Writing Exercises: "The Basics of Dialog"

This week we will continue our little break from the constant posts about tips on finding time to write in your work weeks and actually discuss writing craft. Like last week, we will focus on dialog and particularly, the basics. Now let's ask the most obvious, two-part question, that pops into our minds: what are the basics and what makes you qualified to explain them?

To which I answer: the basics are pretty much just structure a writer should be aware of (and refreshed on), and I have no idea. I'm a writer and am as pretentious as they come.

Now that that has all been established, let's go over some general rules:

1) Dialog is never gratuitous

Now, you've heard some variation of the expression: "writers need to learn the rules first before breaking them." This kind of falls under that exact rule. If dialog is going to break the narrative, you definitely need to have a very good reason for doing it.

For example, maybe your character is eavesdropping on a random conversation in the market street of a dystopian futuristic civilization. The people your character is eavesdropping on does not necessarily have to tell your character what they need to be doing next, they could simply offer some exposition of the world or a topic related to whatever may be stressing your character in that moment. For the love of god though, whatever the topic, make it have purpose in the story. Don't make us listen to two random people talk about tube socks while we're, say, tracking down an assassin with a sniper rifle.

2) Each time someone talks, you must begin a new line of text

I am guilty of forgetting to do this sometimes but it is very important to remember to do this. When Sally and Sue are arguing on the page, make sure the argument is clear and either character's dialog begin after you press the enter key.

3) Capture the rhythm and cadence of each speaker's voice, language, and words.

Although many shutter at this aspect of writing dialog, you'd be surprised at how easy it is to master this particular skill. Now, this will take a LOT of study but read your favorite books by your favorite authors and notice how clearly you tend to interpret the character's voices in their dialog. Here's an example of what to look for in terms of different voices of dialog:

Pippa hesitated before she asked: "Can't you just give me something to do? I'm just not sure what I'm supposed to be doing right now." Malcolm smiled understandingly at her and nodded.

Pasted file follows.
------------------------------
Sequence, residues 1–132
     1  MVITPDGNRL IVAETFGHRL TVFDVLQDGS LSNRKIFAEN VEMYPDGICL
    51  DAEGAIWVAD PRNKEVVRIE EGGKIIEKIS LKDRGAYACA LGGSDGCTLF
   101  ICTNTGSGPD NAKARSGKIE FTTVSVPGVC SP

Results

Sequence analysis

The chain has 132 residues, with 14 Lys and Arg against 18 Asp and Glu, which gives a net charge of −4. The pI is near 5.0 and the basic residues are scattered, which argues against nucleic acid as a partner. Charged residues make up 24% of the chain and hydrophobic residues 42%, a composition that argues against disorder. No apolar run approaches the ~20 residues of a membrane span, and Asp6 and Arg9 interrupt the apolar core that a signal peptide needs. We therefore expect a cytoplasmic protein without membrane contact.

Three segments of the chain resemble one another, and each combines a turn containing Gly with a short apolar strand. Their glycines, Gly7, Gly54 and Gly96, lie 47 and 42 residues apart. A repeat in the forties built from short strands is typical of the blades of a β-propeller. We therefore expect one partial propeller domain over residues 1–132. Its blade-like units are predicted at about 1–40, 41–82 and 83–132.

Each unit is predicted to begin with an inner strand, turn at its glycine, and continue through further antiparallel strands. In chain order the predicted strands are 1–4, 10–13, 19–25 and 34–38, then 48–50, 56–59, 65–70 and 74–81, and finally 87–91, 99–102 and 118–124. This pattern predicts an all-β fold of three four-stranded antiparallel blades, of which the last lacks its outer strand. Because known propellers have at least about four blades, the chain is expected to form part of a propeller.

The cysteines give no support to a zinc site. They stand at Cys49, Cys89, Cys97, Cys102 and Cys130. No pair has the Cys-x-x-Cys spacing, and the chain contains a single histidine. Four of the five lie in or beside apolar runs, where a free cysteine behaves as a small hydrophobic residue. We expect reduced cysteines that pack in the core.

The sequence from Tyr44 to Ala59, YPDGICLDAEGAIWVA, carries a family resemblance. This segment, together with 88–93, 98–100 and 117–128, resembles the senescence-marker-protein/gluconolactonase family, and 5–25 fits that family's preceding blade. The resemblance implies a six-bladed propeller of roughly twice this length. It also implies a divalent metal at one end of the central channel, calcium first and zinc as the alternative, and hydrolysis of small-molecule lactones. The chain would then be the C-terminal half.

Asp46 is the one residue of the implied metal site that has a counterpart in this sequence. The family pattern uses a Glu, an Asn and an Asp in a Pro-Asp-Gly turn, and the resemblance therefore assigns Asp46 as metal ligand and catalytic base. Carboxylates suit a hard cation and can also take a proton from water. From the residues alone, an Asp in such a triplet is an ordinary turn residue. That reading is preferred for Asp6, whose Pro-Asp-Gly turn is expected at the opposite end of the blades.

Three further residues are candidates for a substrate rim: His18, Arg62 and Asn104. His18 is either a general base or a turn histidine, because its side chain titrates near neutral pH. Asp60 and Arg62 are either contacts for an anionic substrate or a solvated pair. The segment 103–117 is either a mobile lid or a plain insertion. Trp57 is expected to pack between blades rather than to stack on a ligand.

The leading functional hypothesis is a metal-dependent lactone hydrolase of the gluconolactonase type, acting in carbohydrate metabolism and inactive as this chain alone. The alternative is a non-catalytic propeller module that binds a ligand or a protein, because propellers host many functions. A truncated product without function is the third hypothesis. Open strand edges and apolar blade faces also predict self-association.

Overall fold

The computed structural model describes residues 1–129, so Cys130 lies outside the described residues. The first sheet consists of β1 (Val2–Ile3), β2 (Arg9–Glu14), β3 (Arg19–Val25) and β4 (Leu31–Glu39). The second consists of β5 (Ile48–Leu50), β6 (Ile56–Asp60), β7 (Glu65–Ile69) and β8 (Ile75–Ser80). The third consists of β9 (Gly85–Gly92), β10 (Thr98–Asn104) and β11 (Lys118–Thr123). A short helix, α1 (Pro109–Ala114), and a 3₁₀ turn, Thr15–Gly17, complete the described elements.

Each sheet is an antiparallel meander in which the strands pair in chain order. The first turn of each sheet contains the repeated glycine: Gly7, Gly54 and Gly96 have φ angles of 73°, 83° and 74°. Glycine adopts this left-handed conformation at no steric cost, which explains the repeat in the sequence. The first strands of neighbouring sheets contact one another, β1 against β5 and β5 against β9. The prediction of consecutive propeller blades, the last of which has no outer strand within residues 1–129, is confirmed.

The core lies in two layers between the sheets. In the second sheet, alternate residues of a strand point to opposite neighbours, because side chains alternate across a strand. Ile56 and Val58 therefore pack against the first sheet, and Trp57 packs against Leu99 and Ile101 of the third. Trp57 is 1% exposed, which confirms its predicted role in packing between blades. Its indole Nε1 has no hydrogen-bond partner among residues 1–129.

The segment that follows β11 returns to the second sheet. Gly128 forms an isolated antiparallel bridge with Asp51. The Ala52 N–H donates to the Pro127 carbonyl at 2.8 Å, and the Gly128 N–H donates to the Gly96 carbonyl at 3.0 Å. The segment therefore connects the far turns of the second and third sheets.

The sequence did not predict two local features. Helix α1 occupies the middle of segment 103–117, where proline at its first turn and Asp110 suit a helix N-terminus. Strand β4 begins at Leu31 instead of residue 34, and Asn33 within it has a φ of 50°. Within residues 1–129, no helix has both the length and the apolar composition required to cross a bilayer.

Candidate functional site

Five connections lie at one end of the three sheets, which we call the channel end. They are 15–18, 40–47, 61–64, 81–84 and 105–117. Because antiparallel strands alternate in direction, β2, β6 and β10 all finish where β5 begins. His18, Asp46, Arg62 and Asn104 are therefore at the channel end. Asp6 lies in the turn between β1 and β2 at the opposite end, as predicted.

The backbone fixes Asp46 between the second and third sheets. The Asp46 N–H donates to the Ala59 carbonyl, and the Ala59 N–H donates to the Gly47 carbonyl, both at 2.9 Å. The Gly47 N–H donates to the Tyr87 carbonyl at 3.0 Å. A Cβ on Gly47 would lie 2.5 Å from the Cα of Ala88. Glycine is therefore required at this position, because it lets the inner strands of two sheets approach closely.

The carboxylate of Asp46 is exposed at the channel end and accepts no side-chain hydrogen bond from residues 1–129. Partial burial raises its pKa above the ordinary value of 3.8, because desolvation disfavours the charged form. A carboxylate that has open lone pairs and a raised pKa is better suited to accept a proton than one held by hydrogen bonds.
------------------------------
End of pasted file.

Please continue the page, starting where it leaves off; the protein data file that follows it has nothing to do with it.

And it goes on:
"That's entirely understandable," he said, "but where would be the excitement in that? Wouldn't you much prefer to discover something for yourself?"

4) Avoid heavy use of dialect

Famous saying: less is more. Paragraphs of dialog alone are exhausting and distract your reader from the story itself. If you try to sell an accent too much, you come off as mocking and condescending. Some writers thoroughly enjoy rigorously long dialog, and thats ok, but again: make sure longer dialog is a tactical choice.

5) Instead of dialect, use these techniques

-whether it is the first page of a book or a chapter, if I'm opening with a character speaking I make sure his speech patterns are clear. An example of this: if a character in your story suffers from a stutter, make sure he stutters in that first line of dialog. You want your audience to be able to recognize your characters without even knowing their names.

-Soon after the previous step, get into the habit of capturing the character's voice (cadence, speech patterns, inflections, music, etc) so that you can simply add two dialog tags every time they speak.

6) Use simple dialog tags

"said" is your best friend in the whole world. Its the most polite, non-intrusive word that works for you. We can add other tags like, "he lied," "she stuttered," but you're not going to use those ALL the time, just on occasion when it calls for it. Stick to said unless the occasion requires anything else and you'll be fine.

7) Make them move and talk and twitch--all at the same time

This one goes back to the required thinking of perceiving your characters as actual people. When we talk we fidget and glance about and mess with the necklace dangling around our neck or scratch at the frustratingly itchy bug bite while we discuss things with one another. Your characters need to as well. Here's an example I use often:

"Well," Drake said, shrugging a shoulder. "I guess we'll just have to turn back, unless you want to try your luck with climbing an electrical fence." Dom stared at the rusted metal barrier before him, gnashing at the inside of his cheek as he contemplated how quickly he could tackle the fence before electrocution set in.

"I can do it," Dom said before dragging his bottom lip against his upper teeth. He looked over at Drake as soon as he noticed the silence between them had lasted uncomfortably long. Their eyes met and Drake shook his head at him.

"Uh, no. No you can not."

With the above example, we see in the shrugging of Drake's shoulder's he's defeated to the idea of their interacting with an electrical fence while Dom conveys a thoughtful habit of dragging his teeth against the inside of his cheek. The body language of either character here is completely different and their dialog matches. That would be precisely what you want to look into doing when writing scenes that involve dialog between more than one character. When exploring or refining y our dialog, these are the basic points every writer should definitely be trying to hit when they write their character's dialog.

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